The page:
We have all seen the shift of focus from meat-based meals to vegetable based meals. Vegetables are sustainable to grow and offer a variety of textures in the same dish. Cooking vegetables to the right degree is as critical as the different degrees involved in cooking meat.
Here in the picture is portobello mushroom as a steak, constituting the main portion of the dish, replacing a meat steak which would otherwise be served. Toasted tortillas, young onion sprouts, cheese and corn grits are all plated with the portobello mushroom steak. They all compliment the taste and texture of this deep, earthy mushroom by offering a variety of subtle onion flavour, creamy and stringy cheese with the spice from the fresh jalapenos.
To make the portobello mushroom steak, the whole portobello mushroom was washed to remove all the mud which is often found in this type of mushroom. It was then cut to resemble the thickness of steaks, which was easy considering the huge size of portobello mushrooms. Later I heated a cast iron pan till it was almost steaming. This will prevent the mushroom from sticking to the pan. I grilled it till there were visible grill marks on the steak and plated it along with the cheese and corn grits, toasted tortillas and young onion sprouts.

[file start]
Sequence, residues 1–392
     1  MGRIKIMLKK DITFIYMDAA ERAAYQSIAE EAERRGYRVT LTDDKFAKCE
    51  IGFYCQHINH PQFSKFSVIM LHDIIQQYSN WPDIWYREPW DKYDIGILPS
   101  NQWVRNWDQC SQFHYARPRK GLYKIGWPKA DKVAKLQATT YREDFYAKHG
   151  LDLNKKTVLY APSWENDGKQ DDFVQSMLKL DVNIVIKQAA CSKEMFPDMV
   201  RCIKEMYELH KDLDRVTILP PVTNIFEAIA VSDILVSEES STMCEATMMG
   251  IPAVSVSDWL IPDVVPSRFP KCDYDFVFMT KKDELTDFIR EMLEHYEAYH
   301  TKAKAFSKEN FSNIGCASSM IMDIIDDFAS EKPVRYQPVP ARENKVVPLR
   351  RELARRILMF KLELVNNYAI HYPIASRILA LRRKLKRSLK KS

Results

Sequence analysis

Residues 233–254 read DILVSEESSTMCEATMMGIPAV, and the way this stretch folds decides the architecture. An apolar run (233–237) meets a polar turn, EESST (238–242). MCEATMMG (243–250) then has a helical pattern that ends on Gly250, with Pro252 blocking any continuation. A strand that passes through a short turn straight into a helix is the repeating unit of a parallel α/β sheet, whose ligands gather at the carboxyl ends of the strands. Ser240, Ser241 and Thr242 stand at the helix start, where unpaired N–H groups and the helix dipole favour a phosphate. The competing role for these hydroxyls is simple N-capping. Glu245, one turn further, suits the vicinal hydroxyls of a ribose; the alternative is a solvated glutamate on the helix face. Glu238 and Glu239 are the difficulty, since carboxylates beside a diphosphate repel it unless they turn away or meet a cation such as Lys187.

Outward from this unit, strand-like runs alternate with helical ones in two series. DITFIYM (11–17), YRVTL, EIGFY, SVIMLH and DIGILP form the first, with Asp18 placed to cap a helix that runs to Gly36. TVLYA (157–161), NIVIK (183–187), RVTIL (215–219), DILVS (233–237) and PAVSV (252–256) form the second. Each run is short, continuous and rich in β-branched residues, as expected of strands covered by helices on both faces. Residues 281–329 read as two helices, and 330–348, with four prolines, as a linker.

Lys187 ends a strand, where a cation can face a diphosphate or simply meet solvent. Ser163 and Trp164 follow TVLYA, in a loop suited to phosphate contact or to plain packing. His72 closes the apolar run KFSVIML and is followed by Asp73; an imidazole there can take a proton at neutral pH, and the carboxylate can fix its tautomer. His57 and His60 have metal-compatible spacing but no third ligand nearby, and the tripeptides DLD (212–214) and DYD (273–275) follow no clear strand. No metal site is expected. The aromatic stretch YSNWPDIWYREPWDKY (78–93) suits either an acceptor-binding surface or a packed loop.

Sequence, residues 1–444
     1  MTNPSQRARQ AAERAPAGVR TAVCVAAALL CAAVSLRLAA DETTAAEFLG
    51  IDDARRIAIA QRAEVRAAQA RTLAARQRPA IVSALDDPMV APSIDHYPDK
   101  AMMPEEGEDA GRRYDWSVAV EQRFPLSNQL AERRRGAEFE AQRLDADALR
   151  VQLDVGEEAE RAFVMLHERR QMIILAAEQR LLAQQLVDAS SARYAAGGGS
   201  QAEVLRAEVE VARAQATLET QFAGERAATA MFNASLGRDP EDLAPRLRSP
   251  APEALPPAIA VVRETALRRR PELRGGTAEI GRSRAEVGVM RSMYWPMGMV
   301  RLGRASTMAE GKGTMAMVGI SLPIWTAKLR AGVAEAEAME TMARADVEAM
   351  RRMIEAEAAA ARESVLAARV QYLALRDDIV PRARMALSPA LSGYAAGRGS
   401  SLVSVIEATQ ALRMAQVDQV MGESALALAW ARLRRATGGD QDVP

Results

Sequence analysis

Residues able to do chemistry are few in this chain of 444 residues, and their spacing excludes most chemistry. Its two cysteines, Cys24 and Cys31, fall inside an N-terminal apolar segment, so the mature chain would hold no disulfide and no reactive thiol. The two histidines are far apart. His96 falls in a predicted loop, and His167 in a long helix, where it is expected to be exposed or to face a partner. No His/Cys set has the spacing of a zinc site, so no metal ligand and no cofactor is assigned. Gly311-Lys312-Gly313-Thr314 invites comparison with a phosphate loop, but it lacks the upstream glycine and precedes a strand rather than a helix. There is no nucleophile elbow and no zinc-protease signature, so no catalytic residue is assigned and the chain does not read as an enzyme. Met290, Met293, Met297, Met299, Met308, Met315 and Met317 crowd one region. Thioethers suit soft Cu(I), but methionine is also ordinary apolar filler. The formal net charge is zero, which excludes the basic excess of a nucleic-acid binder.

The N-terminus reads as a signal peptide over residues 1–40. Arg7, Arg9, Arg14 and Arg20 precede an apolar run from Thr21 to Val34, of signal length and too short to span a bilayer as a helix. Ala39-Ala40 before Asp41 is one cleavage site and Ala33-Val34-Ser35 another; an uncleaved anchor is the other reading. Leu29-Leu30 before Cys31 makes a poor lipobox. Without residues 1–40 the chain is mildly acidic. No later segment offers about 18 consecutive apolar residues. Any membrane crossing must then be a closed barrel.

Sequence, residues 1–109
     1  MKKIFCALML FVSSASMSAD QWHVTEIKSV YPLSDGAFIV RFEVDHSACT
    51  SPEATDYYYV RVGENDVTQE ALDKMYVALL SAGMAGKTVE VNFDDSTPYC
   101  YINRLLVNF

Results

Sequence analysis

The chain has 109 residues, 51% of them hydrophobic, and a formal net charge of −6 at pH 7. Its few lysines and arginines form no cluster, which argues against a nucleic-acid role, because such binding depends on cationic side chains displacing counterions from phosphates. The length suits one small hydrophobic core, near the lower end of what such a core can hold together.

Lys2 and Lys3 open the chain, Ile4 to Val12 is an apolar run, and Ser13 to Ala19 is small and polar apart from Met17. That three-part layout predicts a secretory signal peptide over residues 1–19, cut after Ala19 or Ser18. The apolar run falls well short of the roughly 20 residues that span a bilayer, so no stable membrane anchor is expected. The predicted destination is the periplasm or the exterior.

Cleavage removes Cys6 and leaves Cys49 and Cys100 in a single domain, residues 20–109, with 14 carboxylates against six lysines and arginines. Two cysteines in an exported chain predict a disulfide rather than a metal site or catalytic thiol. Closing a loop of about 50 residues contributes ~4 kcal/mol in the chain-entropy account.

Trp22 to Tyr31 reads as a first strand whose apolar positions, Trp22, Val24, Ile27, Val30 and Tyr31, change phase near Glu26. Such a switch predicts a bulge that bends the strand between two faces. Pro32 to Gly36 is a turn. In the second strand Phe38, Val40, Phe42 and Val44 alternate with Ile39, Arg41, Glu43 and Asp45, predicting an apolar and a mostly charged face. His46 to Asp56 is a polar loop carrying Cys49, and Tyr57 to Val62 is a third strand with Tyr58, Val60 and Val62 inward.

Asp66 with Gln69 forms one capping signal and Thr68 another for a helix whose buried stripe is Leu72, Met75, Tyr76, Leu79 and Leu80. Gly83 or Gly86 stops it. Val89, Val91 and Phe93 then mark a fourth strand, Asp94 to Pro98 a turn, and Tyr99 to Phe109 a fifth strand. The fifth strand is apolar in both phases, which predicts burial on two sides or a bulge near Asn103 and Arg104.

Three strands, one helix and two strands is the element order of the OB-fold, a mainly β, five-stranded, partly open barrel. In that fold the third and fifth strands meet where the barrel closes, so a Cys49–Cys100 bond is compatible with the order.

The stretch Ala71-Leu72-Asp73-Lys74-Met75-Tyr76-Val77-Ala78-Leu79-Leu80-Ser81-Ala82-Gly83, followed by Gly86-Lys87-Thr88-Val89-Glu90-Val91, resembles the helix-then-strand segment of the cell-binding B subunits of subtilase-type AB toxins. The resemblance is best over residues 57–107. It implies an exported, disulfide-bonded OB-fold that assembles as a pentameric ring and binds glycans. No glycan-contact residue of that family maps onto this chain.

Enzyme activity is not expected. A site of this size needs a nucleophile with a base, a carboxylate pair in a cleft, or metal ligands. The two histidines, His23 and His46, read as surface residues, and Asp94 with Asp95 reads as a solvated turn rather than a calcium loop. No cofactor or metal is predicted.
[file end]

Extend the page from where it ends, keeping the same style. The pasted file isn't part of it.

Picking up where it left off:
Below are some pictures of other vegetables which could be served as vegetable steaks too. There’s broccoli with peanut and green onion sauce, heirloom carrots with edamame hummus and wild rice dust and cauliflower with chickpeas. These dishes have a lot of resemblance with many cuisines but are true to their individuality and concept of being served as vegetable steaks.